Protecting all rivers, canals, lakes and oceans.

Curriculum Examples

  • English – write a newspaper report about the damage plastics are doing to marine life.
  • Science – construct a marine food chain identifying producers, predators and prey.
  • Design and Technology –create marine animal sculptures out of single-use plastics.

Balloon & Lantern Releases
We know that balloon releases have been a traditional way to celebrate special achievements or events, but our attitudes towards them need to change. ‘Biodegradable’ balloon or lantern releases in schools are not part of our ethos and will be challenged. Please use our Plastic Alternatives Guide for other ideas to balloon and lantern releases, glitter and single use plastics in schools.

Visit our Marine Pinterest for quick and simple ideas

David Luke: 16 Under 16

’16 Under 16′ is a group of extraordinary young people that, Marine topic sponsor and Eco-Uniform supplier, David Luke have bought together to champion change.


’16 Under 16′ Projects 

Eco-Schools and Marine topic sponsor David Luke have collaborated to produce these free project guides for schools. Based on the 16’s own eco-projects, these guides show how you can deliver their ideas in your school. From creating beeswax wraps to becoming a ‘Plastic Clever,’ school each of these projects can help you work towards a Green Flag award and they are even linked to the Eco-Schools international Seven Steps!

David Luke, Where Does Your Uniform Come From? Lesson Plan and Presentation

A lesson plan aimed at Key Stage One and Two investigating the environmental impact of the various materials used to make school uniforms. Accessible Version.

David Luke YouTube Channel

Videos from David Luke including how plastic bottles can be turned into school uniforms and ideas from the 16 Under 16.

Other Actions

Who else can help your Eco-Committee make a splash?

Visit one of our Blue Flag & Seaside Awards  beaches too!


School Examples

Richard Avenue Primary School, Sunderland

Having previously achieved three Eco-Schools Green Flag awards and covered 9 of the Eco-Schools topics, the Eco-Committee at Richard Avenue Primary School decided to work on Eco-Schools England's newest topic, Marine, for their Green Flag renewal.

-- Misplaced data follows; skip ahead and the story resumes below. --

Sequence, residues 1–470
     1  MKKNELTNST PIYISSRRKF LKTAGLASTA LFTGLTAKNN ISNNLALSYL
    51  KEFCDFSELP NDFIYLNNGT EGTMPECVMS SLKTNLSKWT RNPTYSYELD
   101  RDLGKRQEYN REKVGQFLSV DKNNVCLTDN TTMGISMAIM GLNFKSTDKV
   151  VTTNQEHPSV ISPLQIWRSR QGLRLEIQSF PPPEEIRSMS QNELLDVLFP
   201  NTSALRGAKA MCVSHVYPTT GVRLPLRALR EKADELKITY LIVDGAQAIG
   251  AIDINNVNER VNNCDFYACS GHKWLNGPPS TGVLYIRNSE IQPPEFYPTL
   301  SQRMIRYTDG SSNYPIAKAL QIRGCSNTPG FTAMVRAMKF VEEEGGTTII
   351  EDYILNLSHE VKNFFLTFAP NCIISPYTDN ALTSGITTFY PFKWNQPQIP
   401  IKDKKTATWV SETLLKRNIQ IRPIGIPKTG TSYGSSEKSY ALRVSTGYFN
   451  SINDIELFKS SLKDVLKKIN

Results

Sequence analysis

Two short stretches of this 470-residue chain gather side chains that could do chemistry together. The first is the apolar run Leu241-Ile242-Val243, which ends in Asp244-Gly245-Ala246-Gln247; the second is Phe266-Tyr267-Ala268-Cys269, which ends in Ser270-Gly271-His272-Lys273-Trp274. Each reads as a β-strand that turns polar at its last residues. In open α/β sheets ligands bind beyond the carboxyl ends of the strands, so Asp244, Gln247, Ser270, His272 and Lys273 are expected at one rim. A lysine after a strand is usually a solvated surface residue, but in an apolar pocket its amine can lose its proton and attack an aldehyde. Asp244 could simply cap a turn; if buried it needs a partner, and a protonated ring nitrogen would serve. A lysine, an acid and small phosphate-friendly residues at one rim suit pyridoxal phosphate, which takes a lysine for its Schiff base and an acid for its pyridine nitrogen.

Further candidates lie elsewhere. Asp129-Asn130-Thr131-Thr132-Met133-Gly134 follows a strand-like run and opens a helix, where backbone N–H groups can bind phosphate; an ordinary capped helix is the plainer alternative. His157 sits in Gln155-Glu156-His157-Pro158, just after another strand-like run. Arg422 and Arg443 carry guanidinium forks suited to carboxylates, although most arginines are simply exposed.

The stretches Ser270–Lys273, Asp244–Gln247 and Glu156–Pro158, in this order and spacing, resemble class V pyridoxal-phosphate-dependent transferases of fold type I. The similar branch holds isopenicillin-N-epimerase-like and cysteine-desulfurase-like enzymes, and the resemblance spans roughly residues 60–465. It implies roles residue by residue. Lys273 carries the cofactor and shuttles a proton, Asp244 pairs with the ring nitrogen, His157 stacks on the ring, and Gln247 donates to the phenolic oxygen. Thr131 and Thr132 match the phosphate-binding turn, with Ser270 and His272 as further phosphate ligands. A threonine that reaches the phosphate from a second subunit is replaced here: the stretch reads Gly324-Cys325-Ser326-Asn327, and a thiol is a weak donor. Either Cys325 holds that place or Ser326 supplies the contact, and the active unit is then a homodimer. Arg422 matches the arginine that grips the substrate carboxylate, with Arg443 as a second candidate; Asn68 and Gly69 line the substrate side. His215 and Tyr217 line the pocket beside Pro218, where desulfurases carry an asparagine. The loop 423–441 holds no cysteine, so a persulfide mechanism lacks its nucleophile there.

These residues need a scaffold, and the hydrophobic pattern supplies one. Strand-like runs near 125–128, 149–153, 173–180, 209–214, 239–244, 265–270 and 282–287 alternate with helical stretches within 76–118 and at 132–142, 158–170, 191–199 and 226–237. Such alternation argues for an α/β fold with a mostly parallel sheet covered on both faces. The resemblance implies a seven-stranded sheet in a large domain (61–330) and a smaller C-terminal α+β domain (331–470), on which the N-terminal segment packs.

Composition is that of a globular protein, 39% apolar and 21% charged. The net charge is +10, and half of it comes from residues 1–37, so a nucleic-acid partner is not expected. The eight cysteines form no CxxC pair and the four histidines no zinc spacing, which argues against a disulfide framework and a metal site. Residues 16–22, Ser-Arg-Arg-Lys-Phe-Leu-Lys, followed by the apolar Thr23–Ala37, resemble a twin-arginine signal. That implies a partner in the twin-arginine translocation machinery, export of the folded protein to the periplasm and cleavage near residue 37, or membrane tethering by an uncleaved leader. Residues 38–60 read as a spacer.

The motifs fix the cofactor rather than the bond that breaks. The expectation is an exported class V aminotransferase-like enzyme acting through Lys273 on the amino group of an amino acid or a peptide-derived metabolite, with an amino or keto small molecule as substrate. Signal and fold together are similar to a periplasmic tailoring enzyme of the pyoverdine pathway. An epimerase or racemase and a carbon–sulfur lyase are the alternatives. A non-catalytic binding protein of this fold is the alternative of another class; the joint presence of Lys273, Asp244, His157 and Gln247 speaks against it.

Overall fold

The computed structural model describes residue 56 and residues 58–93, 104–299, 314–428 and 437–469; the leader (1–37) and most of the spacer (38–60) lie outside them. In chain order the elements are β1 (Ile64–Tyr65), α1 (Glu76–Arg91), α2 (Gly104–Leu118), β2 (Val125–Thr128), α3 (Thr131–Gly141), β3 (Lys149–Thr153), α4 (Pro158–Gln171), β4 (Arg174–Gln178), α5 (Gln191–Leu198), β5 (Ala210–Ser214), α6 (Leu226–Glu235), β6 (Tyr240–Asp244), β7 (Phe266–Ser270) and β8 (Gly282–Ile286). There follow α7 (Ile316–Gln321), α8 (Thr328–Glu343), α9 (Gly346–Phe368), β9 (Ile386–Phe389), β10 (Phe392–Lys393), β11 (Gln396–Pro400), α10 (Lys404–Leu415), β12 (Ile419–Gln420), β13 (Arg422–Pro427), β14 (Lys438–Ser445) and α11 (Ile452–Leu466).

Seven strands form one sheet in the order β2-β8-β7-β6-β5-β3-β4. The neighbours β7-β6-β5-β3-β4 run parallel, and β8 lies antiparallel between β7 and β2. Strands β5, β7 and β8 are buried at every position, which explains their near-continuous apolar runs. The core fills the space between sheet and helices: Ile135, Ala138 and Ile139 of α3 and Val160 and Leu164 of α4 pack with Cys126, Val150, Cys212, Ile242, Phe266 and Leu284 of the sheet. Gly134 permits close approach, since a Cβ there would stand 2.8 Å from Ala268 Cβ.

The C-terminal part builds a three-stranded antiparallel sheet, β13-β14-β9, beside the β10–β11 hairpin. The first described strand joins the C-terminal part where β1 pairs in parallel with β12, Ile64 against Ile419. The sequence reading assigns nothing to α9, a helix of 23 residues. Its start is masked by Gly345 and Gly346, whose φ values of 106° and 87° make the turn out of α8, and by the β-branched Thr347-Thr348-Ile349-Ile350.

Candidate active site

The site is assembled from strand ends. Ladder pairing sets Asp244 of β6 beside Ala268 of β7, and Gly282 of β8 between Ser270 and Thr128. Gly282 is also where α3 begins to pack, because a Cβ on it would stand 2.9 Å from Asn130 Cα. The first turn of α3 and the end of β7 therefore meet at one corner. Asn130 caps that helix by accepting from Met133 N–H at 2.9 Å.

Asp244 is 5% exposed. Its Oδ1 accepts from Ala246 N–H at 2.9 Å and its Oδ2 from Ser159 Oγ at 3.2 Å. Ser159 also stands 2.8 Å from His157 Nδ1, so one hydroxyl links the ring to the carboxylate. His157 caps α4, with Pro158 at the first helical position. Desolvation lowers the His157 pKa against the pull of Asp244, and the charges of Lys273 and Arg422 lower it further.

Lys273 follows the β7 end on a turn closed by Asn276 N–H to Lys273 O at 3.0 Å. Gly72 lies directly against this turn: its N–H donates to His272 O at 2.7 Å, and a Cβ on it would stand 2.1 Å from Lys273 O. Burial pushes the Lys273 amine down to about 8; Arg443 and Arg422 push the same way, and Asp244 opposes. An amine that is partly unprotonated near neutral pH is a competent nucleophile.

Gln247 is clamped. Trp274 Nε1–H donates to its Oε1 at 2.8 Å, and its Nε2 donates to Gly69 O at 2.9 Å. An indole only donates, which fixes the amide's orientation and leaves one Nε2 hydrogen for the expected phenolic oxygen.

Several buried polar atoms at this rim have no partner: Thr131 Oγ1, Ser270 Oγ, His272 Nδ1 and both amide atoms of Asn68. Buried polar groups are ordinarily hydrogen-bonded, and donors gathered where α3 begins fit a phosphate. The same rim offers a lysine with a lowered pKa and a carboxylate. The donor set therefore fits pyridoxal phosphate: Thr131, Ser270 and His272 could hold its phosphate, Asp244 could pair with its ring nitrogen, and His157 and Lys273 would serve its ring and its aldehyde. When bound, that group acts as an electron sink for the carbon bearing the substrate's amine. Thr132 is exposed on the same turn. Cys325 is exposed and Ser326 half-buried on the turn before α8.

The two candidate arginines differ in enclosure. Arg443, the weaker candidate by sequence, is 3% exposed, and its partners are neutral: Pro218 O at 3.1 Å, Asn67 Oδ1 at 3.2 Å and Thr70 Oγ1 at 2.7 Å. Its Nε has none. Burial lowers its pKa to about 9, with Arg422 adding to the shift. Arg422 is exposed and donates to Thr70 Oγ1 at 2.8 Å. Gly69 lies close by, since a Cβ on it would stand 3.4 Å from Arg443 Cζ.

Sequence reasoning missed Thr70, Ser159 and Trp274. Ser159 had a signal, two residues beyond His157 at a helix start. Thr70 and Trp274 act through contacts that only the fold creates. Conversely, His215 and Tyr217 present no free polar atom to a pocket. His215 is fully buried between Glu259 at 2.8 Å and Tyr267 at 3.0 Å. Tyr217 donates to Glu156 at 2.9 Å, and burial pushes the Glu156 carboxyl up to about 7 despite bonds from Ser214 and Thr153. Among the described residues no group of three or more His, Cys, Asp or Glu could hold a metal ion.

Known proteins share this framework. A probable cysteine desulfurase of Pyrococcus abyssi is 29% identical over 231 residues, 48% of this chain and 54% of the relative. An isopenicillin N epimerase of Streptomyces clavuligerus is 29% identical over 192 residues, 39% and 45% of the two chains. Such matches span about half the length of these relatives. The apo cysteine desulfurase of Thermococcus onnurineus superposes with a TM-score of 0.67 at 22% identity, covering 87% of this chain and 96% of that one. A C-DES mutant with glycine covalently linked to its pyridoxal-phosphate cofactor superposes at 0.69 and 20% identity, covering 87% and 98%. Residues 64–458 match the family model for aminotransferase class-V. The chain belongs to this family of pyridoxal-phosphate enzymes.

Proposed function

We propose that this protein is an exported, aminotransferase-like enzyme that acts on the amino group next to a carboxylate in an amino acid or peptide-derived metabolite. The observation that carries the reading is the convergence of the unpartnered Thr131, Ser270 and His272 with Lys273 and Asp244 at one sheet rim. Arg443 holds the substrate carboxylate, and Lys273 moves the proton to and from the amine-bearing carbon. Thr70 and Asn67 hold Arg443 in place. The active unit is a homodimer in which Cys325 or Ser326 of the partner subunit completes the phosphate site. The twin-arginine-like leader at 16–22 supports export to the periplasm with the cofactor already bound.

Working with Sunderland City Council for the second year running, the children were asked to design and create large planters to be used in the cities busy shopping areas. The Eco-Committee worked with their school's Art Club to produce eco-friendly planters that raised awareness of the problems plastic waste causes to our oceans and marine life.
The children then decided that as well as displaying art work, they also wanted to actively prevent further pollution: the upcoming school holidays were the perfect opportunity to do this. The Eco-Committee and Coordinator found a video clip from (the legendary) David Attenborough that highlighted plastic pollution in the oceans. They showed this clip, in an assembly, to their whole school and kicked off their holiday homework project (see picture).
Despite being lucky enough to live near very well maintained beaches, the children in Richard Avenue Primary School understand that every little helps!

School Website

Hawthorns School, Manchester

Pupils at Hawthorns school were shocked by the impact our plastic problem was having on marine life, so they thought it was important to raise awareness of the issue. Their amazing projects included: creating jellyfish from recycled materials then adding plastic bags to their display to demonstrate how similar they look and why sea turtles may eat plastic bags by mistake (top left), creating a scene (from recycled materials) that shows how sad the fishes in our oceans are because they are surrounded by plastic (top right) and creating ocean bottles - one which shows what our clean ocean should look like and one that shows what our oceans are starting to look like (bottom left). Finally, one class even decided to investigate making eco-friendly glitter in the run up to Christmas (bottom right), their first attempt was unsuccessful, but this means they get the chance to try again (next time they will bake for longer)!

School Website

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